If prosecutors pursued a new penalty phase, he said, they would essentially have to retry the entire case in front of a new jury, allowing new evidence to emerge even if jurors were unable to acquit him and could only recommend a death or life sentence.

In a Facebook post, Scott Peterson’s family and supporters claimed that Harris’ request for evidence in the hands of prosecutors last week triggered their decision.

Ham & Cheese Omelette

Cooking with Anatole, The Chicago Times

May 29, 2021

Mon ami, this morning’s breakfast we enjoy the classic Ham & Cheese Omelette.  Anatole hopes you are not alone for this one, no? 

Les ingrédients:

  • Desired amount of butter
  • 5 slices of your favorite ham cut as desired
  • 2-3 eggs (white or brown)
  • Dash of salt/pepper
  • 1/4 -1/2 cup of Cheddar or American Cheese
  • add desired spices

Anatole’s instructions:

  • Place skillet over medium flame and add desired amount of butter and melt evenly.
  • Add ham and fry to desired taste.
  • While ham is cooking, beat eggs with salt, pepper, and other desired spices.
  • Add beaten eggs to skillet.  Be sure to allow even coverage of mixture.
  • Fry omelette until edges are firm and then sprinkle desired cheese evenly over the top.
  • Fold omelette in half and be sure both sides are thoroughly cooked.
  • Serve on plate with favorite sides.

Anatole’s Critique:

Excellent, mon ami!  The gooey melted cheese with the fried ham is perfect for Anatole’s taste.  Bon appétit, adieu.


Consolidated Press News File

May 29, 2021

CHICAGO — A white reporter for a conservative news organization is suing Chicago Mayor Lori Lightfoot, alleging that she discriminated against him because of his race when she granted interviews to only journalists of color around the midpoint of her first term.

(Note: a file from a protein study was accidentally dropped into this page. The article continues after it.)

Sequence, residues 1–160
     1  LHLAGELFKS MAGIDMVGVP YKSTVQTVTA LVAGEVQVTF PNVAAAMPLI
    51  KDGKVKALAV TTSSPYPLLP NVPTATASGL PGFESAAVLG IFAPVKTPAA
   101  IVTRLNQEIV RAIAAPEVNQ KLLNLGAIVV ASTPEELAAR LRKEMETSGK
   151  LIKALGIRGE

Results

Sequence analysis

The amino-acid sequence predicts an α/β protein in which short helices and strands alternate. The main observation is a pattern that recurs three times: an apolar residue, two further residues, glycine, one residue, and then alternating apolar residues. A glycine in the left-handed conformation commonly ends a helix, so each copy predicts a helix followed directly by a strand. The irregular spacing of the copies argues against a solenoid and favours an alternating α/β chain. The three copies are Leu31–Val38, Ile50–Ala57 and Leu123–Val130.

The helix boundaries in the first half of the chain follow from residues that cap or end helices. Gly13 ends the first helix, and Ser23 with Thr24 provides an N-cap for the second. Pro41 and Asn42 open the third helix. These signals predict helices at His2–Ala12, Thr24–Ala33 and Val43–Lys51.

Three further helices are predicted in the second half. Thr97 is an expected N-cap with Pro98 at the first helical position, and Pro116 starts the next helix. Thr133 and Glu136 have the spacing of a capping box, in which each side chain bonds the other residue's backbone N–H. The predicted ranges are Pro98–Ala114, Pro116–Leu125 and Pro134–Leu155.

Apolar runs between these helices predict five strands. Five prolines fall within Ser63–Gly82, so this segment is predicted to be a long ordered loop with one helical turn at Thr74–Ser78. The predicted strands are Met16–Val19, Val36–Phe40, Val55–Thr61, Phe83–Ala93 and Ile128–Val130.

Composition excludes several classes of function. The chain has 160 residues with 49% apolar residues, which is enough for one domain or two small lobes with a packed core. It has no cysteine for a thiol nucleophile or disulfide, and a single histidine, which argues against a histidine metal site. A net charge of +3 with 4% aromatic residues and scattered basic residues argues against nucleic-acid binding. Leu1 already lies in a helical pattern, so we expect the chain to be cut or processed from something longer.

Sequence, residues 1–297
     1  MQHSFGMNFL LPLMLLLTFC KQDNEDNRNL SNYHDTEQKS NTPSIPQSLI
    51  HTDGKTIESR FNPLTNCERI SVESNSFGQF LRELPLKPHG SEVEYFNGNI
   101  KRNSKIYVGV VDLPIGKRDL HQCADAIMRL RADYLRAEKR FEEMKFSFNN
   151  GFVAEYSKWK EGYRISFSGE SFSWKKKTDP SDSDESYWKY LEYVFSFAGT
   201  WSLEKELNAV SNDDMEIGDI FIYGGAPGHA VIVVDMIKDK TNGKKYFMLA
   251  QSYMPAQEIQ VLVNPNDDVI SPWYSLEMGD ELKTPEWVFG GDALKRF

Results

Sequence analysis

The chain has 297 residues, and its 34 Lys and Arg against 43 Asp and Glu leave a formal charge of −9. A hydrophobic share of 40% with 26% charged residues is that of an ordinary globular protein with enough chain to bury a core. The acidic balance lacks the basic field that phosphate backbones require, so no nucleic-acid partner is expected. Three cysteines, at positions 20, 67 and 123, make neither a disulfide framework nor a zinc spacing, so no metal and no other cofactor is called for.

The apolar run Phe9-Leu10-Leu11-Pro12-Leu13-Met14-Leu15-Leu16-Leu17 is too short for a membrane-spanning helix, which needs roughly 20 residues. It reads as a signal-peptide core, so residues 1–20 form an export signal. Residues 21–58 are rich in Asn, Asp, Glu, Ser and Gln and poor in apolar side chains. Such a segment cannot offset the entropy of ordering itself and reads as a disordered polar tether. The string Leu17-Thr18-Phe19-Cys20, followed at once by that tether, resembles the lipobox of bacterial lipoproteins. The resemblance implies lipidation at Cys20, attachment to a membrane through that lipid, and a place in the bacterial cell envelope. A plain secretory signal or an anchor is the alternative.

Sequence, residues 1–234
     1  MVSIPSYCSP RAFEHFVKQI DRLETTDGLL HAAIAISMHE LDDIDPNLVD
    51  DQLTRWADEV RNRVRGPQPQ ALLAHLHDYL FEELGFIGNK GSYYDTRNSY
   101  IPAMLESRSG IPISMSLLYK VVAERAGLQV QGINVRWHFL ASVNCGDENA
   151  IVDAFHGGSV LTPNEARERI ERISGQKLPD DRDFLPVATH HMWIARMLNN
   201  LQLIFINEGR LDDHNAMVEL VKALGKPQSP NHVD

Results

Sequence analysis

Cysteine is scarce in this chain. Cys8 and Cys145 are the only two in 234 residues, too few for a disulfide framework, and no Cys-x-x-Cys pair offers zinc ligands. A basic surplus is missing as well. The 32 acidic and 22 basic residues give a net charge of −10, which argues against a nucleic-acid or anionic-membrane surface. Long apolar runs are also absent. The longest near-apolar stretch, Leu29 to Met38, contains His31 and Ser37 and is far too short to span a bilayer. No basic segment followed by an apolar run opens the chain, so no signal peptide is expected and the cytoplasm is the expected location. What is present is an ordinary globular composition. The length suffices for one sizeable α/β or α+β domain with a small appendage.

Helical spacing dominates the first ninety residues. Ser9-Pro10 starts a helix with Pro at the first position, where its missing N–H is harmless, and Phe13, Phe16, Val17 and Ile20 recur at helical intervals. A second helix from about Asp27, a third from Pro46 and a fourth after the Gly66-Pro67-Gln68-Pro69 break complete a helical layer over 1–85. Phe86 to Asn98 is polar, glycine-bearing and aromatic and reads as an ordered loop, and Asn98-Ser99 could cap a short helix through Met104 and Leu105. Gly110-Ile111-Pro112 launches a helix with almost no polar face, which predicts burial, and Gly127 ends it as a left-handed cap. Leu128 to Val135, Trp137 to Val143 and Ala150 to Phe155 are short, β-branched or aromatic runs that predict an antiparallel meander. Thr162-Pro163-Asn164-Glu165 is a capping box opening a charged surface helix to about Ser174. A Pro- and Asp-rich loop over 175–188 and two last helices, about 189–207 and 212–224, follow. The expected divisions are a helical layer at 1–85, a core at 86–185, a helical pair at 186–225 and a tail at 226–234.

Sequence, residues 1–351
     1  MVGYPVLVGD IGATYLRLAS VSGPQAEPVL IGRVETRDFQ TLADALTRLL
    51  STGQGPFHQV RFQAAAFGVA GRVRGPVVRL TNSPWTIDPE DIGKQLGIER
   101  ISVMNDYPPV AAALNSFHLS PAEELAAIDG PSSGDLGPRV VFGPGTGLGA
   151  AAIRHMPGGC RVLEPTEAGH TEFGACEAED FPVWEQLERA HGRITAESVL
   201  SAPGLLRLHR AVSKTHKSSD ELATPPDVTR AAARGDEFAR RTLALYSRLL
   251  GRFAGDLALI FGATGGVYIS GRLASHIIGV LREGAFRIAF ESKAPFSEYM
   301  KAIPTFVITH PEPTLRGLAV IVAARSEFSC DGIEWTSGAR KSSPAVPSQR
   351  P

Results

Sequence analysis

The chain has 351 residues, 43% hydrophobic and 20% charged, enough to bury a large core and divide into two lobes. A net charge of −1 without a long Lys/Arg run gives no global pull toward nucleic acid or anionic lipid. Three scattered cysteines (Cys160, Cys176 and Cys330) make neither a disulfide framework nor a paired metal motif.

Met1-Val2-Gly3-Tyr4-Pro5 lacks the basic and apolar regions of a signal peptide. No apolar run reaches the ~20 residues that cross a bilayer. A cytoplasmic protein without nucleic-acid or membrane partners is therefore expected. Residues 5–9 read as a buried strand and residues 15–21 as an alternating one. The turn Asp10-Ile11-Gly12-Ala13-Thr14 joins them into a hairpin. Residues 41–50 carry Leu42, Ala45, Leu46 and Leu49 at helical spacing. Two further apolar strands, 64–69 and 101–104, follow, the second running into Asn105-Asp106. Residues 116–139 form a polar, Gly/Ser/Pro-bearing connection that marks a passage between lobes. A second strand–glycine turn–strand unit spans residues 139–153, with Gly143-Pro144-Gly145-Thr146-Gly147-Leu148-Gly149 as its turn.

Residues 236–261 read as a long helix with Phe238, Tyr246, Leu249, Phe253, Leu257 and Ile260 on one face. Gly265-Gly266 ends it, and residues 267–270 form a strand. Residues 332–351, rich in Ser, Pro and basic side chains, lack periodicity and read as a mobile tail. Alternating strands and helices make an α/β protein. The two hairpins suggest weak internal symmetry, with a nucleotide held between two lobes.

In the case, Thomas Catenacci and his employer, the Daily Caller News Foundation, claim that Lightfoot violated their First Amendment rights and Catenacci’s right to equal protection by refusing to reply to an interview request on her second anniversary in office and subsequent days.  The nonprofit Judicial Watch filed the lawsuit in federal court in Chicago on Thursday.

Lightfoot, Chicago’s first Black female and lesbian mayor, said on May 19 that she would only give interviews to journalists of color on the second anniversary of her inauguration on May 20.  She claimed it was done to highlight the fact that the City Hall press corps is “overwhelmingly white” and male in a city where white people make up just around one-third of the population.

At a May 20 ceremony commemorating the occasion, Lightfoot reaffirmed her view while also urging media businesses to diversify their workforces.

“The fact that the City Hall press corps is overwhelmingly white, has very little in the way of diversity, is an embarrassment,” Lightfoot said. “One day out of 365, I say that I’m going to mark the anniversary of my two years in office by giving exclusive one-on-ones to journalists of color, and the world loses its mind.”

According to Catenacci’s lawsuit, he requested a one-on-one interview with Lightfoot by email on May 20, 21, and 24.  According to the lawsuit, he had not gotten a response from her office as of Thursday’s filing.

“On information and belief, Defendant is aware that Plaintiff Catenacci is not a ‘journalist of color,’ and Defendant has denied Plaintiff’s interview request pursuant to her announcement that she will only grant interview requests from ‘journalists of color,’” the lawsuit states.

A spokesperson from Lightfoot’s regime said that the city is evaluating the complaint and that no more comment could be made because the case is still being litigated.


by James R. Scott

May 28, 2021

INDIANAPOLIS – After the pandemic delayed the sale of the first genetically engineered animal certified for human consumption in the United States, the first harvest of genetically engineered salmon occurred this week, according to AquaBounty Technologies Inc.

Several tons of mutant salmon developed by biotech business AquaBounty Technologies Inc. will now be sold at restaurants and away-from-home dining services in the Midwest and throughout the East Coast, where labeling as genetically altered is not necessary, according to company CEO Sylvia Wulf.

Samuels and Son Seafood, a Philadelphia-based seafood wholesaler, is the sole client that has announced it will sell the mutant salmon.

AquaBounty grew their mutant salmon in Albany, Indiana, in an indoor aquaculture facility.

The fish have been genetically engineered to grow twice as quickly as wild salmon, reaching market size — 8 to 12 pounds (3.6 to 5.4 kilograms) — in 18 months instead of 36.

The fish was supposed to be harvested in late 2020, according to the Massachusetts-based firm.